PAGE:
Spirulina is not only proclaimed to be a superfood for humans, but also a superfood for dogs. Just as it supports a healthy immune system in humans, it also supports a healthy immune system in dogs. The antioxidants present in Spirulina provide an anti-inflammatory response. Due to the immune system aid and anti-inflammatory responses, Spirulina is said to be helpful for dogs with allergies providing allergy relief. In addition to its main benefit to dogs of supporting a healthy immune system, Spirulina is good for digestion, supports organ health, and removes toxins from the body. Spirulina supports brain function, nervous system function, and aids in creating healthy skin and coat. Last, but certainly not least, Spirulina can be beneficial to dogs with heart disease. Heart disease in dogs is becoming more prevalent so any help in this area is more than welcome.

If you did not already know the MANY benefits of Spirulina, now you do! Why not try these Minty Breath Treats that also contain…. you guessed it….. SPIRULINA!!

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How to Keep Your Dog Safe on the 4th of July

Dozer the French Bulldog with patriotic vest

The 4th of July is a day Americans celebrate the signing of the Declaration of Independence. The Declaration of Independence is a document which was drafted by Thomas Jefferson in 1776. It states that men are created equal and have “certain unalienable Rights, that among these are Life, Liberty and the pursuit of Happiness.” You might say that on the 4th of July every year, we express that right to pursue happiness through events such as barbeques, concerts, carnivals, and fireworks displays. While these events are fun for the family, there is one family member that it may not be as fun for. That is right, the family dog! So, how do you keep your dog safe while still enjoying the festivities?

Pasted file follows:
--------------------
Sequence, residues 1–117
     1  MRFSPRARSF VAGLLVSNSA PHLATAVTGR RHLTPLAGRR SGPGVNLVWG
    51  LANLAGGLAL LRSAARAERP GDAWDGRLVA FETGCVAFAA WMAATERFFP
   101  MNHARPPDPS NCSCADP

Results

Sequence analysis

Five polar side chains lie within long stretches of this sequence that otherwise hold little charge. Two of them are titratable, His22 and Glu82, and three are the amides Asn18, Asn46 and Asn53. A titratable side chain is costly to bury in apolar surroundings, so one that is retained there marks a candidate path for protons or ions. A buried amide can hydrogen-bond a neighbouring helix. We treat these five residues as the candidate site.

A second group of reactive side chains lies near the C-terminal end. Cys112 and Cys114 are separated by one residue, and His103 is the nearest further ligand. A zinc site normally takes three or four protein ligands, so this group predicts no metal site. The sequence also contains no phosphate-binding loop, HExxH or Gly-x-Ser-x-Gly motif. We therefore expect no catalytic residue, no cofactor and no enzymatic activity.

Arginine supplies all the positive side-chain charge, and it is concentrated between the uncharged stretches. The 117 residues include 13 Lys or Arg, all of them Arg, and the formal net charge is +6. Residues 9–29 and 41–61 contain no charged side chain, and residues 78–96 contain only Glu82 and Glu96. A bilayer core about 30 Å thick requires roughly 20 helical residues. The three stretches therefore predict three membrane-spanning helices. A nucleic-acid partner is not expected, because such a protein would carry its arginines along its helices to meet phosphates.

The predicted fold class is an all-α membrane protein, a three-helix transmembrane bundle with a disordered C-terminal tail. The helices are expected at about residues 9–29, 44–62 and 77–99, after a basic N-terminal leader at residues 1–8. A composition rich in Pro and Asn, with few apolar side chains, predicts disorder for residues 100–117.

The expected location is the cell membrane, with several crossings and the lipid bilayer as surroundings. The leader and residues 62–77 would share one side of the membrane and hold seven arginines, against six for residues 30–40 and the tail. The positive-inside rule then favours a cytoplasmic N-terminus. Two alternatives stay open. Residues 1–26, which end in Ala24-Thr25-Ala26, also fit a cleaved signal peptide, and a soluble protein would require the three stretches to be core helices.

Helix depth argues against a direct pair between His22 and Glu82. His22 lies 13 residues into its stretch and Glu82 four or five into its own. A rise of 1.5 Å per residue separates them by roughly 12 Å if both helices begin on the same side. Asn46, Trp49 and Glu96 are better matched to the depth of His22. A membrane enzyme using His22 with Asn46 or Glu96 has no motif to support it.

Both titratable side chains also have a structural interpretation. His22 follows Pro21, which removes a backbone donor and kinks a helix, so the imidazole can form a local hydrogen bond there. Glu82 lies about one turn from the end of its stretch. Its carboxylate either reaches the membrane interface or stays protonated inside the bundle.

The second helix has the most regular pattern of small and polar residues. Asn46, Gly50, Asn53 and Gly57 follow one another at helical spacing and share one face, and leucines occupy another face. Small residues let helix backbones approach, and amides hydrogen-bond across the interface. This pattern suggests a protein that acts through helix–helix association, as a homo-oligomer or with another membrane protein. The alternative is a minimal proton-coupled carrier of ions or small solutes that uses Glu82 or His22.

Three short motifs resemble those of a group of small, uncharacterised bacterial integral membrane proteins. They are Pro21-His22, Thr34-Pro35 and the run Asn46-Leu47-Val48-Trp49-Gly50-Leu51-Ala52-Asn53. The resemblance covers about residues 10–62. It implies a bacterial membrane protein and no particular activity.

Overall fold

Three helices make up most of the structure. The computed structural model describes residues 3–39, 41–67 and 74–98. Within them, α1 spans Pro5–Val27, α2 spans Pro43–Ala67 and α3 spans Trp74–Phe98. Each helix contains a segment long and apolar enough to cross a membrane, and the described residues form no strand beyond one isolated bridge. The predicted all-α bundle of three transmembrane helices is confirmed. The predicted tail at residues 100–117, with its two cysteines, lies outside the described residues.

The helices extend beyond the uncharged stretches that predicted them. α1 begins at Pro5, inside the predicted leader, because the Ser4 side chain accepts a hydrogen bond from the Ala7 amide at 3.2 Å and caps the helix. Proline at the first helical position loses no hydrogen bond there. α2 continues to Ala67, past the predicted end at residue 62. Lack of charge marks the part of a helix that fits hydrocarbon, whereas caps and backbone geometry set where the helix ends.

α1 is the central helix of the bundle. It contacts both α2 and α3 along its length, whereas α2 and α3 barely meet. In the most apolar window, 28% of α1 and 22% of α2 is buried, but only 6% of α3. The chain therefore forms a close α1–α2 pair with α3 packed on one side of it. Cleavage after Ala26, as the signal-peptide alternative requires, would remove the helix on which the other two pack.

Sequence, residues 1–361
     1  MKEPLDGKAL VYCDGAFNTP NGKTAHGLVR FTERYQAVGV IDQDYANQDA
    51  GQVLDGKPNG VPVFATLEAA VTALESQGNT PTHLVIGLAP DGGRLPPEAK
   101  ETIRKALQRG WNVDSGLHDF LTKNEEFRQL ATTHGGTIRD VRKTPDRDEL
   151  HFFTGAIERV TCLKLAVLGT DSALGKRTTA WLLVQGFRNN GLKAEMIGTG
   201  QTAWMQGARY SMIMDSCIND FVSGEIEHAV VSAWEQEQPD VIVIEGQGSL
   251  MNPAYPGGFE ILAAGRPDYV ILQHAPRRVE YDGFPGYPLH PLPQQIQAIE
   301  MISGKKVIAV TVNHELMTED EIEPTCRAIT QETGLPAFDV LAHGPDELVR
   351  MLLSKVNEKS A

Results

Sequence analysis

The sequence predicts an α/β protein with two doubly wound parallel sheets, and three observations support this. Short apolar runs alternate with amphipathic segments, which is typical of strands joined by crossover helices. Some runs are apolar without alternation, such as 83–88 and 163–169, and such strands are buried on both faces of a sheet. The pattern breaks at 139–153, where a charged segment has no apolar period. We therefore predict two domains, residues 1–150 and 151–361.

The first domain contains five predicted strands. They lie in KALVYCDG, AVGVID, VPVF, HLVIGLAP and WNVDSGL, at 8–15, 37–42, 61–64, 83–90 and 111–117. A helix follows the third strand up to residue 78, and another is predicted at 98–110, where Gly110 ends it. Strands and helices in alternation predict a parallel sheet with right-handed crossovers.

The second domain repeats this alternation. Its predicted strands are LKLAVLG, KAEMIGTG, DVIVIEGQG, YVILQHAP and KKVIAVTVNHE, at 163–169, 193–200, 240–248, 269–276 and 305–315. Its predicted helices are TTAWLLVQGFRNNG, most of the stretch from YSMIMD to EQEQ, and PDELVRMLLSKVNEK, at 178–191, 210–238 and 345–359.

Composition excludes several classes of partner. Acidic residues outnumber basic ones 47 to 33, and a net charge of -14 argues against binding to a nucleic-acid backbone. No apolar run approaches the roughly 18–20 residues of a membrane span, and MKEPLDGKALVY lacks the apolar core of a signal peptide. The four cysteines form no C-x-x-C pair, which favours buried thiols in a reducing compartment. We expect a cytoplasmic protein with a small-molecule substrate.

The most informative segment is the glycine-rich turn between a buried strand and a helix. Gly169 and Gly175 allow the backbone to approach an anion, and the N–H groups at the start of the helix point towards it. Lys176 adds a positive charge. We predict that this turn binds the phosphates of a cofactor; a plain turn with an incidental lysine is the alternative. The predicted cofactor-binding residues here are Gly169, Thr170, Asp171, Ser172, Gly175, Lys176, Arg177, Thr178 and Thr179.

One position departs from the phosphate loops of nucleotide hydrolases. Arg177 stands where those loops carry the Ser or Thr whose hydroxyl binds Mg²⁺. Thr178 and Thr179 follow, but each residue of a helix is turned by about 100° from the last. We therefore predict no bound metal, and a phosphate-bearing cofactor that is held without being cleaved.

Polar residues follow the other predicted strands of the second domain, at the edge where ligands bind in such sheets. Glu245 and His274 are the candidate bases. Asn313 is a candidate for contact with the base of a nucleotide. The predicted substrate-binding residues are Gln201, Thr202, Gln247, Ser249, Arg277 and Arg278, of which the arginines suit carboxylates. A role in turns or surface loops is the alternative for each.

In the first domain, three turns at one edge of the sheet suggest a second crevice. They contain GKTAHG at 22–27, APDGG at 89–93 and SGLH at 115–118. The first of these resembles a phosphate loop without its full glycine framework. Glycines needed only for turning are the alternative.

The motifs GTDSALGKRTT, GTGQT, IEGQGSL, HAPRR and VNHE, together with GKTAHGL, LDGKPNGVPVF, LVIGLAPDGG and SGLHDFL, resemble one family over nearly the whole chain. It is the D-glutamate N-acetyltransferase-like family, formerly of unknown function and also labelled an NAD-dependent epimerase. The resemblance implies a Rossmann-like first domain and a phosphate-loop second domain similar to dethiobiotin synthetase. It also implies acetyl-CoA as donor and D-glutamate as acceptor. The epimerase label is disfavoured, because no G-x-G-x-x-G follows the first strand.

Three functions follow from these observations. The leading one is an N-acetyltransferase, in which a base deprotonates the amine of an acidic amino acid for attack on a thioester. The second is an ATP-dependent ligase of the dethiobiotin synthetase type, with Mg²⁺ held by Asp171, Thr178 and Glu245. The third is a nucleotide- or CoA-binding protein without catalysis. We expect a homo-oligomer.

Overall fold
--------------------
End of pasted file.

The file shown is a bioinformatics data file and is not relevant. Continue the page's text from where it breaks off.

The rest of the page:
Dog Safety Tips

If you are anything like me, you want to take your pups everywhere with you. However, on the 4th of July, you may want to consider leaving them at home. If you decide to leave them home, leave them in a safe room where they are secure and cannot get out. Leave the TV or radio on to drown out any noise they may hear from surrounding fireworks. If you decide to take them with you, I suggest having their leash tethered to a harness rather than a collar. This will make your hold more secure in the event they get spooked. Since there will likely be a lot going on, be sure to watch your dog closely. Food will be dropped so you want to be sure they do not eat anything potentially harmful to them. We all know the curious nature of dogs and this curious nature does not mix well with some foods. It also does not mix well with charcoal, sparklers, and similar objects that can hurt your pup so keep them away from these types of objects. Finally, keep alcohol away from your dog. Did you know that alcohol is toxic to your dog? That’s right! But this does not mean you need to freak if Fido takes a lick of your beer. Just like with humans, weight plays a role in alcohol toxicity in dogs. Whether or not you decide to bring them with you, be sure they are microchipped and have ID tags. Make sure the information on their microchips and ID tags is up to date. Another good tip is to make sure you have up to date photos of your pup just in case they do get spooked and somehow get out of the house or run away.

For tips on how to keep your pet cool during the festivities, read this post:

One last but important tip is if you do not know if your dog is afraid of fireworks, you must take extra precautions to ensure your pup remains calm and does not dart off. I will talk about ways to keep them calm a little later. First, let’s talk about why dogs are afraid of fireworks.

Why are dogs afraid of fireworks?

Think about it. If you heard a loud banging noise coming from the sky and had no idea what it was, wouldn’t you be scared? That’s exactly what’s going on here. Dogs do not know what fireworks are and they have an acute sense of hearing making them more sensitive to the loud sounds that come from fireworks. Dogs see these sounds as a threat which elicits a fight or flight response. The fight or flight response has been advantageous to the survival of members of the animal kingdom therefore it has maintained an evolutionary advantage. Because of this, it is a strong response and one that may be over exaggerated in an anxious animal. This is the reason many dogs run away during fireworks displays. In fact, more dogs are lost from July 4th through July 6th than any other time of the year. So, what can you do to keep your dog calm and keep them from running off?

How to Calm Your Dog During Fireworks